And that moment, in the full sun of my bare front yard, might just have saved me.
You see, I’m growing four beautiful humans right now. And they’re very full of complicated parts. As much as I try to be Superwoman, I ultimately fail regularly at providing just the right amounts of sun, shade, water and fertilizer for each of their hearts, spirits, minds and bodies. None of them came with their instruction manuals. Some were left neglected for too long in places without much sun. Others have been moved from climate to climate far too many times. They come to me now, with such unique needs, how could I possibly know what’s best all the time?
If I’m supposed to be God, holding all things together by the might of my power, I’m failing. If I’m supposed to be a superhero, saving the day through my incredible talents, I’m falling short there too.
But what if decided to let myself be human? To accept the limitations of the growth process? To remind myself that the very way creation has been designed is that there are seasons of life and death, cycles of growth and falling back. That when seeds fall into the ground that’s where new life comes from?
What if I let God be God? What if I let myself off the hook? What if I accepted the limitations of growing things? What if I breathed again? What if I trusted that there will always be some death (to dreams, hopes, wishes and plans) involved in this business of nurturing life? And that it might not be just my dying to myself. It might be my sweet little ones experiencing their own cycles of growth, dying back and regrowth.
Taking deep breaths today, as Jesus waits, silent in the grave. From death comes life.
It happened once. Cyclically, it happens again in our lives too.
Two teens and two pre-teens. One learning to drive, one learning English, two learning to read and write. Three schools with their associated paperwork, schedules, and service hours. Two with assisted and accommodated homework requiring parental translation and transcription EVERY DAY. One with a full honors course load requiring extra math and chemistry help, always late at night when we are gasping our way towards bed time. One not caring too much about grades for the first time ever, winging his way through his final year and requiring ongoing talks, ongoing support – let’s do this. We can do this. We see you. You matter too. One with a job but no license to get herself there yet. The other working hard at volunteering to raise money for a class missions trip. Yet another selling Girl Scout cookies every weekend to raise money for camp.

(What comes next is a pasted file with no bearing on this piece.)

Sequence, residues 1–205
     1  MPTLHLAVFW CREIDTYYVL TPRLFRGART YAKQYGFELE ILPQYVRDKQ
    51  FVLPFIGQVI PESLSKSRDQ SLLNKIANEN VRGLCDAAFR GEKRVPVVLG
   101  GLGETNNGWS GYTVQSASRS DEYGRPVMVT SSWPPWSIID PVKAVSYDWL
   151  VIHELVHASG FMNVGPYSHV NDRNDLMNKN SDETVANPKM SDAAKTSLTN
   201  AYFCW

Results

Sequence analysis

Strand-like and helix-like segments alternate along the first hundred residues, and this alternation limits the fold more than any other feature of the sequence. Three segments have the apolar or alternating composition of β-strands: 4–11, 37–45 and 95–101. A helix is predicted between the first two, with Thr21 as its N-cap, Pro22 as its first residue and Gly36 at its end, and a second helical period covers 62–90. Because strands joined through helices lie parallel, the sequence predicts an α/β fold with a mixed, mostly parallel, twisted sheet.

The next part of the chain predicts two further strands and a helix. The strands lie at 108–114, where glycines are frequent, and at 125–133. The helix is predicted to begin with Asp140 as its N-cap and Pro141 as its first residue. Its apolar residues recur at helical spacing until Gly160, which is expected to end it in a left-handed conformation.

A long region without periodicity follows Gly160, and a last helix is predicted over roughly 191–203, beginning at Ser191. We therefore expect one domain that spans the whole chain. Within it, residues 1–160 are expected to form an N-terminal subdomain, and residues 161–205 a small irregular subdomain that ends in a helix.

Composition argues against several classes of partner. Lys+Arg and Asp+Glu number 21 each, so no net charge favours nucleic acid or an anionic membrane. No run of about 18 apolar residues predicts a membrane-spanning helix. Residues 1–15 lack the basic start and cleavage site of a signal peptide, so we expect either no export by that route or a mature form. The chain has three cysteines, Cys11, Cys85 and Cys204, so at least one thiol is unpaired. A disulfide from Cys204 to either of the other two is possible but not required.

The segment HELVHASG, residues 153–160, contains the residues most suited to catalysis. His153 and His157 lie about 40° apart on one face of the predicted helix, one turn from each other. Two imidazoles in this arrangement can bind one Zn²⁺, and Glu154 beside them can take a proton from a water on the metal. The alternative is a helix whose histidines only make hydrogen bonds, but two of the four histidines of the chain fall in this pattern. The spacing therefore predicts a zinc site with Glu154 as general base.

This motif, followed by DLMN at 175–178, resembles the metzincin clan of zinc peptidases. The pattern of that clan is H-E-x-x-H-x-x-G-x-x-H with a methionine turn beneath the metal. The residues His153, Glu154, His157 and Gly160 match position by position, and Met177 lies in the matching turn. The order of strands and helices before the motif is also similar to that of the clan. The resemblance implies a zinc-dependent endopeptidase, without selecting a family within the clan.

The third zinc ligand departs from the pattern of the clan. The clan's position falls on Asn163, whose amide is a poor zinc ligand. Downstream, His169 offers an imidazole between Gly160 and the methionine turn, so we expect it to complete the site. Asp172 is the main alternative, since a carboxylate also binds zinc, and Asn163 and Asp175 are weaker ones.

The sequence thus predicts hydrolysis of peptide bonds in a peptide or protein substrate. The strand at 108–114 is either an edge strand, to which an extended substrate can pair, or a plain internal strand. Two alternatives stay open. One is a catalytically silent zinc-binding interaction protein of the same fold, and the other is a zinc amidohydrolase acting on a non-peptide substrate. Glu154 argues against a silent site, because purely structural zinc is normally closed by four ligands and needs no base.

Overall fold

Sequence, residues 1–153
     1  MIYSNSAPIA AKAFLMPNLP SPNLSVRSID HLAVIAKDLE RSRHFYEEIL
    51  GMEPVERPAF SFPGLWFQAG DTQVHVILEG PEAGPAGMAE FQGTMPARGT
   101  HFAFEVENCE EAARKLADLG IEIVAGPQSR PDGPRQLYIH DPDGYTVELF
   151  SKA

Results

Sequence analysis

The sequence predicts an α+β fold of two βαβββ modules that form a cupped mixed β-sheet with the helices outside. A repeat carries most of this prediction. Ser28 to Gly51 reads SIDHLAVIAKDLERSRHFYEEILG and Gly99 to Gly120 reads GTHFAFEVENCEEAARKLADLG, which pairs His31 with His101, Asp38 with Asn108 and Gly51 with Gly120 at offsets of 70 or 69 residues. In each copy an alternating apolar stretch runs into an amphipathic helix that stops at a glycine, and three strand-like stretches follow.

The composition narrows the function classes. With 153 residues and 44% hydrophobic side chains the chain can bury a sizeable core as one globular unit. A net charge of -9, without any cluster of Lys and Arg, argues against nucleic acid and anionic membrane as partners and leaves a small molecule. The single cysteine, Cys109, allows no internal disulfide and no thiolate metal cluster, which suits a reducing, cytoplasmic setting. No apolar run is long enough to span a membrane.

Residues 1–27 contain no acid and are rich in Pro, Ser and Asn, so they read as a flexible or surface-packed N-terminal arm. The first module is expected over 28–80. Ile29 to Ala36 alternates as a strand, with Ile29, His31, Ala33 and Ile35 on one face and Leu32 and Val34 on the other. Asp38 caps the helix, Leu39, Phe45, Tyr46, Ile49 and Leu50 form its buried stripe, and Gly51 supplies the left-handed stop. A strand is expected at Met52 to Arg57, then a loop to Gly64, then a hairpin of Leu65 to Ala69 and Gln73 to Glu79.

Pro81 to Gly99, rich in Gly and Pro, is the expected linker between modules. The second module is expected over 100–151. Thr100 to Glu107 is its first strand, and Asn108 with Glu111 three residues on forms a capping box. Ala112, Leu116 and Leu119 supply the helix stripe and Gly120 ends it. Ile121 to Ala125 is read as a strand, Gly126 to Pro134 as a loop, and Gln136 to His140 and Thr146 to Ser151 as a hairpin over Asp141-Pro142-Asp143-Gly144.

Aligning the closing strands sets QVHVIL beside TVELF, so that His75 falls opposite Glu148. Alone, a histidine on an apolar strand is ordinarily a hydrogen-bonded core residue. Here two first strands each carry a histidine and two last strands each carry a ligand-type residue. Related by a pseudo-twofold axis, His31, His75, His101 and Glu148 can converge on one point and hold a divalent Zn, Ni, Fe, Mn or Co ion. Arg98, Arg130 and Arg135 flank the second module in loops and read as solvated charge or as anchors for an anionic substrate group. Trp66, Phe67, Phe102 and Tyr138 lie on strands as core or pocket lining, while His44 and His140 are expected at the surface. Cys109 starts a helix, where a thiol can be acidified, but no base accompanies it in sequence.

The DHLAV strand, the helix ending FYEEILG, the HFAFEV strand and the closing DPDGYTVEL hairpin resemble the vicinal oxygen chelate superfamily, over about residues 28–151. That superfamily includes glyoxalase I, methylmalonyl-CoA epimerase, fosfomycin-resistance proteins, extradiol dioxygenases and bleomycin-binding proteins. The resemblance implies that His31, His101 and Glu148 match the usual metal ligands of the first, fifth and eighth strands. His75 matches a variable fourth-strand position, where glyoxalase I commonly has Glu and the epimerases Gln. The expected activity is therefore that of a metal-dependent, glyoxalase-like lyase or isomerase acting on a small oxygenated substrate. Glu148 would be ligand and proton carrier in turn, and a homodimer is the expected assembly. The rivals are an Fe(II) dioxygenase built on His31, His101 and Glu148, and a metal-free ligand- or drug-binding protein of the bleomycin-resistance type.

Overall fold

We swore off sports for this spring – we just Can. Not. Do. It.
And then the multiple abscessed teeth, pneumonia, the carpal tunnel, the surprise cardio issues, the lice, the scabies, the intestinal upsets, a rough flu season. We add in boundary testing and the first six months of crossing culture; always the hardest. We get used to constant, vigilant supervision. On top of that we pile language: every. single. thing. we say, translated and re-translated, explained and re-explained for a child/children that are not only culturally Chinese but post-institutional. We work hard on learning to make friends – a skill never needed before and very slow to come.
We add a special education process – absolutely essential, absolutely wonderful, and with a steep learning curve and lots of extra meetings and decisions. We add in a full time aide and follow up meetings to ensure safety and well being. We juggle therapy sessions and doctor visits and catch up immunizations and dental care long neglected.
And we feed them. Feed and feed and feed. One has grown about three inches so far this year. Another has put on ten pounds in six months, a full fifth of his body weight. Three in some stage of puberty. One eats everything in sight but prefers high protein and high fat – most filling. Two wish for Chinese everything; noodles, seaweed, rice and more rice, steamed buns, and all kinds of dishes requiring special trips to Asian food markets and new cooking skills. The other longs for fresh fruits, vegetables and carbs.
I wring my hands.
“Calm and Kind”, I tell myself. “Calm and Kind.” We order a lot of take out. We don’t worry too much about the instant noodles that bring joy. We pray for extra grace